Somewhere nearby, a woman’s agonized rants cut through the air, and the pleasant respite faded from view, leaving him feeling even emptier.

He looked disdainfully at the bright leaf, angry for the mocking visions of serenity it had dangled before him. He grimaced as he folded his damaged fingers around it and crumpled it in his palm.

An unfamiliar sound emanated from inside his hand. His eyes widened in wonderment. It was as if the very definition of sound itself burst forth as the leaf broke apart. The splendid crunching and crackling were so pure, so intensely consuming, that they sent jolts of raw energy through every limb. He could feel the sensation coursing into his deadened fingers, where he had felt nothing for years.

What followed was a moment of absolute silence. And then…an explosion of sound as the most spectacular overture he had ever experienced burst from the void and flooded his senses.

His arms and head were thrown back convulsively against the wave of music that washed through him like a massive tsunami. He was lifted to his feet and struggled to maintain his balance against an unseen current. It was magnificent, so completely encompassing that he could not believe it had been borne from within his own imagination. He listened and then understood without question. This was the song of eternal paradise, broken free from the heavens and flowing unabated through this desolate room and this unworthy man. His outstretched fingers clutched futilely at the energy that pulsated around and within.

Every fiber of his being had reawakened, and he knew at once what must be done. He began searching for some way to document the moment. He had to capture this fleeting audio hallucination, this stairway that led back to his former life. So overpowering now, so real, that he could behold it with absolute clarity. It would be his ultimate masterpiece, and it was within his grasp. He looked around desperately but found nothing except the water-filled pitcher. He quickly dumped its contents and smashed it to the floor, then picked through the pottery shards, finding one piece large enough to grip that most closely resembled a writing instrument. As if guided by some inner voice, he seized the sharp fragment and thrust it deeply into a large vein in the bend of his right arm. The implement found its mark, and immediately blood pulsed forth.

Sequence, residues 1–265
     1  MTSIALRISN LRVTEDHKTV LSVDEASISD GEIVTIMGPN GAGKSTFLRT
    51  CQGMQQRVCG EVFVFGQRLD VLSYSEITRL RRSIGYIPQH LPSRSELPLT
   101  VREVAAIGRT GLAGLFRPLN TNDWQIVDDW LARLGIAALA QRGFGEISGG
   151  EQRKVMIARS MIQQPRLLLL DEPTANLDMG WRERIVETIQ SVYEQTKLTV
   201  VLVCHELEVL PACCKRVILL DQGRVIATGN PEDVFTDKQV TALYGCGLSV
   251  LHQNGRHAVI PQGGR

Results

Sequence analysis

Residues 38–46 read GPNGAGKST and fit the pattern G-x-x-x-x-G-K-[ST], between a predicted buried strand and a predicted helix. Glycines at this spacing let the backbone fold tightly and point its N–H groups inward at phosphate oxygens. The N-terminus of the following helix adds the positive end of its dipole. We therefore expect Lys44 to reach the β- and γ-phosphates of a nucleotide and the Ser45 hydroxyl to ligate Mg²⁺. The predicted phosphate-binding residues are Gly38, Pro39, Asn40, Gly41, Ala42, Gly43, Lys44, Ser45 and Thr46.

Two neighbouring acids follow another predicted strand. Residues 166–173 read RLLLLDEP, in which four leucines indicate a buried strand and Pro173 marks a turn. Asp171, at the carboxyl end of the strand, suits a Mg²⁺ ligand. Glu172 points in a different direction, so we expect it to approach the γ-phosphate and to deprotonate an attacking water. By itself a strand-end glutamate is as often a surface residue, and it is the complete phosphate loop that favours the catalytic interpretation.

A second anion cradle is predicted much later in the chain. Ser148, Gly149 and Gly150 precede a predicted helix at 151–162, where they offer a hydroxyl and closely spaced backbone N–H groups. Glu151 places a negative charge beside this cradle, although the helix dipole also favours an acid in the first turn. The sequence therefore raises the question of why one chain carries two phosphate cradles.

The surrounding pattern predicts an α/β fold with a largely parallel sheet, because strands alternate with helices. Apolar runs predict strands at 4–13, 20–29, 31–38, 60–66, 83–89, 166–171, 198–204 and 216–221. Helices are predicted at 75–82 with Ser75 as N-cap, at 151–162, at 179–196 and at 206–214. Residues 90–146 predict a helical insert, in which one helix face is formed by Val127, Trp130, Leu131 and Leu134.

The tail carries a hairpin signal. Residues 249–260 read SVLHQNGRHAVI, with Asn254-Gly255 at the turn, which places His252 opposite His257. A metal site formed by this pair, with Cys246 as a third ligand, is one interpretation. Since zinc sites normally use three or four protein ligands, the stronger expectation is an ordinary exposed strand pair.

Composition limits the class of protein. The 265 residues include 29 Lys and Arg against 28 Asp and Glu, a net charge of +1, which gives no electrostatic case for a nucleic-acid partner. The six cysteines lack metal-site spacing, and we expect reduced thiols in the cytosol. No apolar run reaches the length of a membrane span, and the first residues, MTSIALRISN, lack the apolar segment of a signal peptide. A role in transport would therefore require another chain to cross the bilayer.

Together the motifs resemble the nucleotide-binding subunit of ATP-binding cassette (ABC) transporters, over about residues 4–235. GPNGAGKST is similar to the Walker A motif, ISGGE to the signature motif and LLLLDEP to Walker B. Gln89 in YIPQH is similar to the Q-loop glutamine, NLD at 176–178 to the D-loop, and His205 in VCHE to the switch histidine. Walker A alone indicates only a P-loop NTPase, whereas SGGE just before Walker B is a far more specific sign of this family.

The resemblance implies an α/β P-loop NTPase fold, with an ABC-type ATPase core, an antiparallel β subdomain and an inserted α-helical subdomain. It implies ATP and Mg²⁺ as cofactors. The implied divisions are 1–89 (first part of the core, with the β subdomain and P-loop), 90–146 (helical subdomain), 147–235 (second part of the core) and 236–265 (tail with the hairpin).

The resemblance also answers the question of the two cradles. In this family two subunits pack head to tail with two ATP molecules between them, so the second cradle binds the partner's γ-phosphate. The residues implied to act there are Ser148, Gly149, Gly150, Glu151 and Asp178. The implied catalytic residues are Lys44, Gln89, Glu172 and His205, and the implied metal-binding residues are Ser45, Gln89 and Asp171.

As the red stream flowed from the wound, he dipped the pottery piece into it and began to write the music in his head onto the wall. He had not written anything in years and never with his left hand. It was clumsy and messy, but he kept moving. Dipping the pottery pen into the pooling blood and scoring the music as though painting a macabre vision on a makeshift stone canvas. The same power that had guided his violin bow as a child now moved his hand across the wall.

The music was coming faster in his mind than he could write, but he penned what he could. The notes seemed to create themselves as his hand moved across the jagged staffs. He had covered an entire wall in his dripping blood ink composition before consciousness began to fade. As he stepped to the next wall to score the staffs, his legs gave way, and he dropped to his knees. He refused to be taken down and fought through the weakness like an animal that instinctively knows his survival depends on these actions. He rose and moved like a madman driven by unseen demons as he worked faster, documenting less of the performance dynamics and concentrating on notes and timing. Phillippe had finished nearly two-thirds of the second wall when blackness overtook him. All strength vanished in an instant, and he collapsed onto the cold stone floor.

At first, he didn’t understand, but then he glanced down at his right arm and realized he had inflicted a mortal wound. Fear overcame him, but then his eyes filled with the musical score written on the wall. For the first time in nearly a decade of tortured existence, he smiled. Tears filled his eyes. He visualized the performance in his mind as he reviewed the red staffs that filled nearly the entire two walls. It was not perfect, but the music he had written flowed smoothly, capturing a melodic duet woven tightly in an intriguing harmonic structure. He basked in a comforting warmth that radiated around him, feeling as though he had accomplished the most important task of his life.